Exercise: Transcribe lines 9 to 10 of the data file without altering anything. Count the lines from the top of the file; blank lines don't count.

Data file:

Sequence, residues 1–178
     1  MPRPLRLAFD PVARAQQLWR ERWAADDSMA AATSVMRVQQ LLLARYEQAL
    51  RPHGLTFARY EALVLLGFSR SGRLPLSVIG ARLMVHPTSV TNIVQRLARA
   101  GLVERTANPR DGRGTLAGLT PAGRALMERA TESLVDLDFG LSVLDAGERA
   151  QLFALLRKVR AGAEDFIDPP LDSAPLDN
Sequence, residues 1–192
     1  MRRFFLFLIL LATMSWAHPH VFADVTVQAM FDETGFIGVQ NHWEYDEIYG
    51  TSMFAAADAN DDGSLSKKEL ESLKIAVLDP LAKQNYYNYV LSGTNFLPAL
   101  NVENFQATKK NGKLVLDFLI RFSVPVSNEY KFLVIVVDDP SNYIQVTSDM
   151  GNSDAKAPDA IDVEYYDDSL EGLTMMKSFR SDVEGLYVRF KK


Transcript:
   101  NVENFQATKK NGKLVLDFLI RFSVPVSNEY KFLVIVVDDP SNYIQVTSDM
   151  GNSDAKAPDA IDVEYYDDSL EGLTMMKSFR SDVEGLYVRF KK